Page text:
In a few minutes I will talk to our plans to average down our square footage across the system and in the near term we see it as an absolute priority to improve the ability of our stores to optimize the returns of the existing super center format. New product and service roll outs require discipline and we will execute evaluation, pilots and roll outs through a disciplined products and service portfolio management approach. This philosophy has already provided Pep Boys with the opportunity to test a number of promising ideas.

I want to highlight a number of these concepts for you now. The floor plan demonstrated on this slide actually highlights the feasibility of segmenting approximately 3000 square feet of space that could be re-tasked. We are committed to fixing this problem and have already started a number of pilots to addressing it. In many markets we believe this space can be an outright sublet that lowers our fixed overhead. In addition, this alternative will provide a financial guideline to assess the performance of other alternatives that we are considering.

We also have tests underway as our preference is to drive revenue through reconfigured merchandising opportunities of core product like tire and wheels store within a store opportunities creating more attractive waiting rooms or developing the space to service the needs of ownership segments like rental services and even moving towards a variety of used car services. Other companies such as Carmax have had success with the sell your car here alternatives. We believe these services can be provided, certainly initially in a pilot mode without significant balance sheet commitments.

From an expansion perspective, the extra square footage can also provide hub distribution opportunities that will support potential satellite stores. We will speak to this further in just a moment.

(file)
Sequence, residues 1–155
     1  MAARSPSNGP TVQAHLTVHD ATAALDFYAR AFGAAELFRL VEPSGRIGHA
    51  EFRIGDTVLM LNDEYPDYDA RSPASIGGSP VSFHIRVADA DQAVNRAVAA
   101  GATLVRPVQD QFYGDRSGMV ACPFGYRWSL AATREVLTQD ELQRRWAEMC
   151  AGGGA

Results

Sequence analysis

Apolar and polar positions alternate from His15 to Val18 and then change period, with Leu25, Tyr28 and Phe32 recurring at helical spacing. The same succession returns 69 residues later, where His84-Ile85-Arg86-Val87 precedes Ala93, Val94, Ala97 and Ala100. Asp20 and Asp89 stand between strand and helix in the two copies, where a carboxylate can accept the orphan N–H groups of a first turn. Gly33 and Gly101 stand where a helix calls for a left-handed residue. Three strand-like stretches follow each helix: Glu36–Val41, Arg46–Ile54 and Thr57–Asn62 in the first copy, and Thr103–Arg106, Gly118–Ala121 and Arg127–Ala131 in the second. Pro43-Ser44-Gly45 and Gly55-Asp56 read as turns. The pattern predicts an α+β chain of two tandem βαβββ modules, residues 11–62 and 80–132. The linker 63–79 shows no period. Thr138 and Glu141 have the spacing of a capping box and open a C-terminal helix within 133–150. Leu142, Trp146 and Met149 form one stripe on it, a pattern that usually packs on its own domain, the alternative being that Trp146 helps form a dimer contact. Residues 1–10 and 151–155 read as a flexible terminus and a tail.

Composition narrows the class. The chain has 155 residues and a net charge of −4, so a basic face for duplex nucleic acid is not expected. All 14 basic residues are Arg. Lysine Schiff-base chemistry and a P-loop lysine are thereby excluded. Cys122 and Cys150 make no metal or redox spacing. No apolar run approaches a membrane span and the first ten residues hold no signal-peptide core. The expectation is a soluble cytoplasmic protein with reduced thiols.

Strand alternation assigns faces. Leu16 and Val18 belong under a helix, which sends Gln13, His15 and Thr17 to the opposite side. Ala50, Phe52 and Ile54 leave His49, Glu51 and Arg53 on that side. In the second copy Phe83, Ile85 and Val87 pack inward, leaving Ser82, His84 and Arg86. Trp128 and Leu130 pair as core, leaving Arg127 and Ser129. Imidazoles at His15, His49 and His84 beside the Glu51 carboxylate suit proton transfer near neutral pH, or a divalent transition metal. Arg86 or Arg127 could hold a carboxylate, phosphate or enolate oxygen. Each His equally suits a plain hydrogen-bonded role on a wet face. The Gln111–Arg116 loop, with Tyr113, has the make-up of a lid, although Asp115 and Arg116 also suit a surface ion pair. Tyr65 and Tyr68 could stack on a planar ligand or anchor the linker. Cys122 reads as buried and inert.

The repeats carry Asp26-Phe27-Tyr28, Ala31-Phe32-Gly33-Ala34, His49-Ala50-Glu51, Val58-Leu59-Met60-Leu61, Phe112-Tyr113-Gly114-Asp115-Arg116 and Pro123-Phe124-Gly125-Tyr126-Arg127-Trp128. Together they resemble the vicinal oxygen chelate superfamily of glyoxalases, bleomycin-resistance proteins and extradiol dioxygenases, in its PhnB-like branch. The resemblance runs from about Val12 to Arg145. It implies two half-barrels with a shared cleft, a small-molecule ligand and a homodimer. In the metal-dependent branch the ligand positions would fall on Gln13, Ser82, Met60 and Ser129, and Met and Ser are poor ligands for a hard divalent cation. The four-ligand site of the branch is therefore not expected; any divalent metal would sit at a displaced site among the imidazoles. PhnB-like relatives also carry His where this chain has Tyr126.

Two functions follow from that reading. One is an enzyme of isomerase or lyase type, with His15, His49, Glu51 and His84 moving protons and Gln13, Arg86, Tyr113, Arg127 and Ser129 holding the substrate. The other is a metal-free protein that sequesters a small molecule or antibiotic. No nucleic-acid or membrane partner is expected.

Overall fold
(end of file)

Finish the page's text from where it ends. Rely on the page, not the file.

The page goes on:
Our product and service development program includes opportunities to drive utilization within our service space while not a consistent theme throughout our system we would like to offer our service managers additional resources to drive revenue. In fact, we are already preparing to test window tinting, dent removal, windshield repair and used car reconditioning services. We have also identified pilot stores that will support testing car wash services.

As we move to the top of our upside down pyramid we being to focus on the tiers of our strategy that will provide us with the most significant long term outcomes, the first is our commitment to grow the footprint. Growth will provide us with a number of benefits that we see as absolutely vital. It supports a broader distribution of our overhead, drives turns within our parts inventories, takes advantage of market economies, the brand asset and most importantly expand our exposure to the highest margin, least competitive and highest growth sector of the automotive aftermarket.

We see growth occurring through two primary channels. First, through acquisition, the opportunity to rapidly add bays from local and regional store operators that are already servicing customers and converting them to central sourcing, process and marketing systems. Second, we will develop concepts that support green field growth. We anticipate using a smaller service and tire focus model as the footprint. Again, we will pilot these alternatives to develop the financial characteristics we believe they would have if rolled out across the chain. These programs are in early development and will take time to achieve scale but we are confident in the long term growth potential that they represent.

Building a network of DIFM focused facilities can work as a unit with our existing super centers. This hub and spoke structure clearly would support a more local market presence and promote distribution of parts plus leverage marketing, sourcing and operational efficiencies. Market density will be achieved by adding smaller neighborhood DIFM focused facilities in markets where we can leverage our existing super stores as hubs.

We envision 6 to 8 bay neighborhood service centers that will focus on light and medium repair and maintenance on tires on heavy repair referrals and offer light retailing such as impulse items and special order capabilities. We also envision a lean staffing model with a technician management component. The super centers or hubs would serve as our brand flagships offering a full line of maintenance and repair services including heavy DIFM services. The hubs or super centers would carry a deeper inventory of both parts and tires and serve as hub distribution resources providing parts and tire delivery to the spoke service bays. They would also continue to house our commercial business and provide HR and administrative support to the spoke locations.